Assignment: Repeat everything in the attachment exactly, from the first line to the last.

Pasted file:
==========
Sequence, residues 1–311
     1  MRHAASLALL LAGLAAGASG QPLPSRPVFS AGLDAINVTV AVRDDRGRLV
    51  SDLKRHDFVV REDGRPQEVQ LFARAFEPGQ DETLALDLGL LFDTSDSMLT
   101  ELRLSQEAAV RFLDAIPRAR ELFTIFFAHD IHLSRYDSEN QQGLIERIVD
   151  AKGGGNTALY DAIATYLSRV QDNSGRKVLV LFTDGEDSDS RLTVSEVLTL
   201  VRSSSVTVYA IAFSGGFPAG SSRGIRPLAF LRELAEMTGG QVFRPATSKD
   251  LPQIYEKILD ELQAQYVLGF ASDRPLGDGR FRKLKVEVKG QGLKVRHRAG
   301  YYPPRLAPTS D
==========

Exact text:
Sequence, residues 1–311
     1  MRHAASLALL LAGLAAGASG QPLPSRPVFS AGLDAINVTV AVRDDRGRLV
    51  SDLKRHDFVV REDGRPQEVQ LFARAFEPGQ DETLALDLGL LFDTSDSMLT
   101  ELRLSQEAAV RFLDAIPRAR ELFTIFFAHD IHLSRYDSEN QQGLIERIVD
   151  AKGGGNTALY DAIATYLSRV QDNSGRKVLV LFTDGEDSDS RLTVSEVLTL
   201  VRSSSVTVYA IAFSGGFPAG SSRGIRPLAF LRELAEMTGG QVFRPATSKD
   251  LPQIYEKILD ELQAQYVLGF ASDRPLGDGR FRKLKVEVKG QGLKVRHRAG
   301  YYPPRLAPTS D